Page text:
Table 5 lists totals for chemicals in two categories - metals and acids/bases/salts - which companies reported sending off-site for "reuse as a fuel." These chemicals have no fuel value. In addition, heavy metals are not destroyed by burning but instead result in human and environmental exposure through wastes or products.

Table 5. Metals and Acids/Bases/Salts Shipped Off-Site for "Reuse as Fuel" in 1987 and 1988

Serious Implications for Pollution Prevention

Undermining Pollution Prevention Accounting

For two decades the United States has relied on pollution control strategies that attempt to manage wastes after they have been generated. It is increasingly clear that these strategies are meeting with only limited success. As a result, there is new interest from environmental groups, industry, States and the Federal government in pollution prevention strategies that reduce wastes before they are generated. The toxics-release inventory, as the only multi-media national data base on toxic releases, is arguably playing an important role in spurring this interest.

Pollution prevention techniques reduce, avoid or eliminate the use of toxic chemicals in industrial production processes and are the most reliable and effective means of protecting workers, consumers and the environment from exposures to toxic chemicals in wastes and products. In addition, U.S. industry can realize substantial economic gains by reducing its reliance on toxic chemicals.10

Out-of-process recycling, which includes all shipments through the recycling loophole, is a management strategy for wastes that have already been created, and is not a pollution prevention technique (see box below).

Pollution Prevention includes:

Waste Management includes:

Two keys to the success of any pollution prevention strategy are: 1) accurate accounting of all toxic chemicals used and wastes created, and 2) public disclosure of this information. The recycling loophole undermines both of these key pollution prevention elements.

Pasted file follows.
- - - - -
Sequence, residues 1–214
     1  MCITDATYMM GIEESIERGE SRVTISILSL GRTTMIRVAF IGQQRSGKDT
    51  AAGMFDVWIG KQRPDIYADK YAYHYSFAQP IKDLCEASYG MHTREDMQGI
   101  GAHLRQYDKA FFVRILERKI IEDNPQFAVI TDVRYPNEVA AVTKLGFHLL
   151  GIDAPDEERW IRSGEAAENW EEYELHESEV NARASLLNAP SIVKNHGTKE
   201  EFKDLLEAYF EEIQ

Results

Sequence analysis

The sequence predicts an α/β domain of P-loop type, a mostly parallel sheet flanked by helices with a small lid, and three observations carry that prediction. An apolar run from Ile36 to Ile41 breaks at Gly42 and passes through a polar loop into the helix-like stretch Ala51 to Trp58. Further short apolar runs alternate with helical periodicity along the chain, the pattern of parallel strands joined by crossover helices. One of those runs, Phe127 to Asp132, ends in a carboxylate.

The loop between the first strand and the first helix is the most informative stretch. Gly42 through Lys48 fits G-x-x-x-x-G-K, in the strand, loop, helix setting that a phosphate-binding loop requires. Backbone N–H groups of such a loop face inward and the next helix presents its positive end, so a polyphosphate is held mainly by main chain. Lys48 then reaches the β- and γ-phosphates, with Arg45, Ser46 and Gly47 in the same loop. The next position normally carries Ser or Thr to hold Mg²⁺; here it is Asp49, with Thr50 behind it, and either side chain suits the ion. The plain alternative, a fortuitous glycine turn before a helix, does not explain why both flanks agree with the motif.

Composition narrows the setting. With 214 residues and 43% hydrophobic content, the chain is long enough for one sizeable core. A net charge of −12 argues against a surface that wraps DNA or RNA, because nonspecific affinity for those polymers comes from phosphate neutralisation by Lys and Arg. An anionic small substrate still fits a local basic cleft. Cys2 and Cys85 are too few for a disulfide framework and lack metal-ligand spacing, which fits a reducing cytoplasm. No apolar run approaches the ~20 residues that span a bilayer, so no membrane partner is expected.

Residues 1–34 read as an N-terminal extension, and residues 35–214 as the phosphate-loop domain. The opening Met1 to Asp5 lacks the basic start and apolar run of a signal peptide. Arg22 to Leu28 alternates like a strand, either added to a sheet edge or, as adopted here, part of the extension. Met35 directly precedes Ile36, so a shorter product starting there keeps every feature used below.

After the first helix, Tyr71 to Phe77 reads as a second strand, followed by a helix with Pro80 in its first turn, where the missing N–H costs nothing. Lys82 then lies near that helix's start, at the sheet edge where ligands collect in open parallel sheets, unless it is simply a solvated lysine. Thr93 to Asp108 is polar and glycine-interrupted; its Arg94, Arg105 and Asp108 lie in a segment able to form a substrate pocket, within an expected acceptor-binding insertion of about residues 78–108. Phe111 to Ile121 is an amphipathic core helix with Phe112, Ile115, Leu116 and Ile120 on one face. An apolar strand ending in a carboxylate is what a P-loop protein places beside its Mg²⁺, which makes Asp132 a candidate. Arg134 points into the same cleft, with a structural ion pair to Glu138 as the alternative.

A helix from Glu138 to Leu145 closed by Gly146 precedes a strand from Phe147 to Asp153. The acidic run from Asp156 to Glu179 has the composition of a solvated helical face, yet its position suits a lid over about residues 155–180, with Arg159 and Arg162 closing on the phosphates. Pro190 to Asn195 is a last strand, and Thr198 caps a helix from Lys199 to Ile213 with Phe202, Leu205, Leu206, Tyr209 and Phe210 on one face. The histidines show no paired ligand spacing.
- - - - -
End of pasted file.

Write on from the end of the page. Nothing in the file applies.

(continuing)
EPA recently announced national emissions reduction goals for 17 TRI chemicals. This major EPA initiative calls for industries to voluntarily reduce by 50% TRI emissions of these chemicals by 1995. However, the recycling loophole makes it possible for companies to inappropriately claim reductions by euphemistically reclassifying TRI chemical wastes as "products" before shipping them off-site for "recycling." Having disappeared from the TRI reporting system, the wastes will appear not to have been generated. Thus, the recycling loophole serves as a disincentive for companies to achieve genuine pollution prevention and could easily mislead both government and the public about the true extent of pollution prevention progress.

If the measuring stick used to track industrial pollution prevention is faulty, established goals - such as EPA's emissions reduction goals - become meaningless from a pollution prevention perspective. As shown in Table 6, EPA's emissions reduction goals could fail to account for over 100 million pounds of these 17 targeted chemicals. Furthermore, the decrease in reporting between 1987 and 1988 illustrates the potential for companies to use the loophole to present illusory waste reductions.

Table 6. Reported Pounds of EPA-Targeted Chemicals Passing Through the Recycling Loophole in 1987 and 1988.

New Requirements for Pollution Prevention Reporting A landmark law, the Pollution Prevention Act of 1990, makes pollution prevention reporting mandatory as part of TRI. The Act requires each company that reports under TRI to file a "source reduction and recycling report" with its TRI reporting form. The expanded reporting details the amount of pollution prevention progress achieved for each TRI chemical and the methods used, as well as the amount sent to recycling, whether on-site or off-site. Despite the new reporting requirements, however, companies may still be able to inappropriately receive credit for preventing pollution, while at the same time continuing to use the recycling loophole - unless all of the following are completely incorporated under TRI: